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James Franklin wants to see improvement from Penn State’s offensive line and running backs

The Nittany Lions are statistically the second-worst rushing team in the Big Ten and their running backs have accounted for only 367 yards in four games.

Penn State running back Noah Cain (21) celebrates with offensive lineman Eric Wilson (68) after scoring a fourth-quarter touchdown against Auburn on Sept. 18.
Penn State running back Noah Cain (21) celebrates with offensive lineman Eric Wilson (68) after scoring a fourth-quarter touchdown against Auburn on Sept. 18.Read moreBarry Reeger / AP

Penn State coach James Franklin says the overall play of his offensive line has been good and that he is “satisfied” with the performance of his running backs.

But like any other coach in college football, he would love to see more from both areas to help the running game. The rushing numbers through four games are not good, a mild surprise considering the Nittany Lions are 4-0 and ranked No. 4 in the nation entering Saturday night’s Big Ten game against Indiana at Beaver Stadium.

The Lions rank 111th out of the 130 teams in FBS in rushing offense at 113.5 yards per game, second-lowest in the Big Ten, and their 3.41-yard per carry average is third-worst. Their five running backs have accounted for 367 yards in 92 carries, a shade less than 4.0 per tote.

In the two highest-profile games for them this season against Wisconsin and Auburn, the Nittany Lions have been unable to use their ground game to run out the clock in the closing minutes, needing the defense to safely get the team home with a win.

Penn State did grind out 240 rushing yards in Week 2 against Ball State, but has managed only 50, 94, and 80 yards in the other three games. Junior Noah Cain is the team’s top rusher with 164 yards, but he carried just once last week against Villanova because he got “dinged,” according to Franklin, the week before.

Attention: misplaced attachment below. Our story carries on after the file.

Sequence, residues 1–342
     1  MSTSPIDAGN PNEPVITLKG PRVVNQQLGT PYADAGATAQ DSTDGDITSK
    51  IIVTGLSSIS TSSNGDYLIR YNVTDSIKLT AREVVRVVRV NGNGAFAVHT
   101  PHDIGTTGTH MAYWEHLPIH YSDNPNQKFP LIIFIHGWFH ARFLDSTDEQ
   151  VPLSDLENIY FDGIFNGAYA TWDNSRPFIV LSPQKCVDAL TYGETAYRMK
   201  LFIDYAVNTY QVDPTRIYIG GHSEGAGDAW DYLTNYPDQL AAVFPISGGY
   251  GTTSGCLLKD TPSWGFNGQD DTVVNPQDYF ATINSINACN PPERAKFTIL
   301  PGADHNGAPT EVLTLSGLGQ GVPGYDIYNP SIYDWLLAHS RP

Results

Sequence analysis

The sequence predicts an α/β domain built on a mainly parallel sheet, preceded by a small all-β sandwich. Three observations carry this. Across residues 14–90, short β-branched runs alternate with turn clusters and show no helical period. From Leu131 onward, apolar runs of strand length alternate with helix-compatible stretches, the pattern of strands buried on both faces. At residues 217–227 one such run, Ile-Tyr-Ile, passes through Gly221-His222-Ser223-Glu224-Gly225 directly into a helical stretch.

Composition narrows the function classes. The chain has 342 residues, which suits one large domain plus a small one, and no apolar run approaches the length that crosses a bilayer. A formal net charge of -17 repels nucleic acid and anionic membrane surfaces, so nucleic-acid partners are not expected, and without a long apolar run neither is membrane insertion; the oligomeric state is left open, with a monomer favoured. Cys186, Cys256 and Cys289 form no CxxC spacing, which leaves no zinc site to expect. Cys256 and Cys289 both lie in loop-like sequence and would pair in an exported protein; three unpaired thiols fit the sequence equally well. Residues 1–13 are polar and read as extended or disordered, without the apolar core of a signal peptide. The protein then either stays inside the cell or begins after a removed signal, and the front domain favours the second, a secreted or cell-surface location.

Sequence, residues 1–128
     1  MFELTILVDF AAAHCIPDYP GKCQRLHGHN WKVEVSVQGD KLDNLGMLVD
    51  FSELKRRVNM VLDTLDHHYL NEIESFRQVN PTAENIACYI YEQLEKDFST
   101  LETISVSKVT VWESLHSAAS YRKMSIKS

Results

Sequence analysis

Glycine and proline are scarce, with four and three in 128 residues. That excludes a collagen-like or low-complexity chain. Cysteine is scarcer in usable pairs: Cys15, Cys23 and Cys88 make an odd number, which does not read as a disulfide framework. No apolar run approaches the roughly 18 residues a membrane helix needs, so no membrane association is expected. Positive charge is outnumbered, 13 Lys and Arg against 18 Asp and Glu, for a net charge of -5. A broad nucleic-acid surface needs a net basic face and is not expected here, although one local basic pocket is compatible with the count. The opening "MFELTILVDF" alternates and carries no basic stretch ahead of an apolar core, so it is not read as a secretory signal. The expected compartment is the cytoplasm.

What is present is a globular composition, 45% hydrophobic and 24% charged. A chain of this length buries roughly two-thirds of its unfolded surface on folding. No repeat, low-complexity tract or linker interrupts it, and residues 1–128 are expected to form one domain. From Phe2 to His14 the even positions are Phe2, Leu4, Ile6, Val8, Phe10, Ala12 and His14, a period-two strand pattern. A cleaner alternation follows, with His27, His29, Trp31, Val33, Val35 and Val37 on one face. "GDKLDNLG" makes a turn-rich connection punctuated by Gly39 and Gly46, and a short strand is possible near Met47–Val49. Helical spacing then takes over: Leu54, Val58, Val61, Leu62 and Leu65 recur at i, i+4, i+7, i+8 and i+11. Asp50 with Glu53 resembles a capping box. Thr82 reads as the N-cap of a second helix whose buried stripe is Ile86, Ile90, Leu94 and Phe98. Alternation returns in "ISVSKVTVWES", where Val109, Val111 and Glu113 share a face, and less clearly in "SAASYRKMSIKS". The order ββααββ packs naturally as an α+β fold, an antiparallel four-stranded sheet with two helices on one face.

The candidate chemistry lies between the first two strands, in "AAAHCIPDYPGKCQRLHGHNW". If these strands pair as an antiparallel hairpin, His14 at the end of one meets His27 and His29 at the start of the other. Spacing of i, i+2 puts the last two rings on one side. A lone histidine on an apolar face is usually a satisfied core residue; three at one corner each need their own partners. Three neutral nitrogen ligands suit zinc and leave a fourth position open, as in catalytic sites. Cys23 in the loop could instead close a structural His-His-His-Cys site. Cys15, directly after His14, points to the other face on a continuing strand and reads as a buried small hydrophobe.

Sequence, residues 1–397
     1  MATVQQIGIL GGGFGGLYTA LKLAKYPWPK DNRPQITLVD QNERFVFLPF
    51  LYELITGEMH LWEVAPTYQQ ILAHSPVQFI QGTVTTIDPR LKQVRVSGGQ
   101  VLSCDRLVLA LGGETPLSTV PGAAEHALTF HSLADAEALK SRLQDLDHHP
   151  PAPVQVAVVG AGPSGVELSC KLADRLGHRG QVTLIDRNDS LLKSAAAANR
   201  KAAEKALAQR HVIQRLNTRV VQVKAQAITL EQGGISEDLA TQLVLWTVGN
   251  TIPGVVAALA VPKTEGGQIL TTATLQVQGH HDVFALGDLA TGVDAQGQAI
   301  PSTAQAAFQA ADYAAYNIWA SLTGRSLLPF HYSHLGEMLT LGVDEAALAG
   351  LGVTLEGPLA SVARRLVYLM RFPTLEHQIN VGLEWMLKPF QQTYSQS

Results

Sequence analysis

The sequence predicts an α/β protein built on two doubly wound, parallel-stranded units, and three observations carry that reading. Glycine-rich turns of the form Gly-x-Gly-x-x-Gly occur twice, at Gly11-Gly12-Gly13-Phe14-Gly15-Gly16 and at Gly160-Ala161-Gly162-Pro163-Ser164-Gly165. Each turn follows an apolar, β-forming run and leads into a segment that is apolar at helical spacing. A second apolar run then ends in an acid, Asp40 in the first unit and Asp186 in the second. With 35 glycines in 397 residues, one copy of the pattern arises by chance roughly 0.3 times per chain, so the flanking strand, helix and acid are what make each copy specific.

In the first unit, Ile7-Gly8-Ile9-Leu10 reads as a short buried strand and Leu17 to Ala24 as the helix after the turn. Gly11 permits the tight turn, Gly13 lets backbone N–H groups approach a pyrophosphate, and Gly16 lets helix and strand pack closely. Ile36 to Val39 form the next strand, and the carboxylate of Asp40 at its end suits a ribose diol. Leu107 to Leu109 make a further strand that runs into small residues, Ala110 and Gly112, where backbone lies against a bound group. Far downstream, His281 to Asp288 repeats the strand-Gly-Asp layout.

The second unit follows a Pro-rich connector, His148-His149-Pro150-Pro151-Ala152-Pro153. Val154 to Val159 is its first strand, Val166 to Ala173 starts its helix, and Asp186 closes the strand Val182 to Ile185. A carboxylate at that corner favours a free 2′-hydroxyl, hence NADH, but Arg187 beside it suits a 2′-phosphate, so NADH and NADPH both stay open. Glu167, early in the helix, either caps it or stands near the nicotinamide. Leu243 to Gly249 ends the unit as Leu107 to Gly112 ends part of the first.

“I think there’s always going to be kind of a sense of wanting more and thinking we can get more,” Franklin said Tuesday on his weekly Zoom news conference. “That’s breaking more tackles. That’s being physical when we need to be physical, that’s bouncing when bouncing is appropriate. More times than not we want to be downhill and cut back than bounce.

“We’d love to get a little bit more explosive plays. We’d like to be a little bit more physical on short yardage. We’d like to break a few more tackles. I think it’s a combination of all of it: It’s the tight ends, it’s the O-line, it’s the running backs, it’s the coaches. It’s all of us. But I would say solid so far.”

The offensive line had its share of issues blocking Villanova’s front seven last week. The Lions had just one carry of 10 yards or more, for 13 by John Lovett. While Franklin likes the way the unit has protected quarterback Sean Clifford, who has been sacked six times in the first four weeks, he’d like to see more from the big guys.

“I think we can do a little bit better there,” he said. “I’d like to see us play with a little bit more of an edge, specifically in the run game, but really in the pass game as well.

“There’s opportunities. When you’re slide protecting or whatever it may be and you don’t have a threat in your gap and you can kick the defensive end or help the offensive tackle on the defensive end, I’d like to see us play with a little more of an edge. Overall, I would give us a positive grade so far as an O-line unit.”

When asked his definition of playing with an edge, Franklin replied, “I’m looking for fanatical effort, which I think we’ve done a pretty good job of.

“I’m looking for an amount of aggressiveness that is right up to the edge of what is legal and appropriate from the snap of the ball until the whistle is blown, nothing that’s going to be viewed or looked at as dirty, nothing that’s going to create penalties after the snap. When people watch us play, they see a team that played with tremendous effort and aggressiveness from the time the ball is snapped to the whistle.”

The relative lack of a running game hasn’t adversely affected the Penn State passing attack much. Clifford has thrown for 681 yards and six touchdowns the last two weeks to move up from 64th to 14th in FBS passing efficiency over that time. Now the goal is to get things going on the ground.

“When we can become just a little bit more efficient in the run game and a little bit more explosive in the run game, then I think we’ve got a chance to be really difficult to defend,” Franklin said.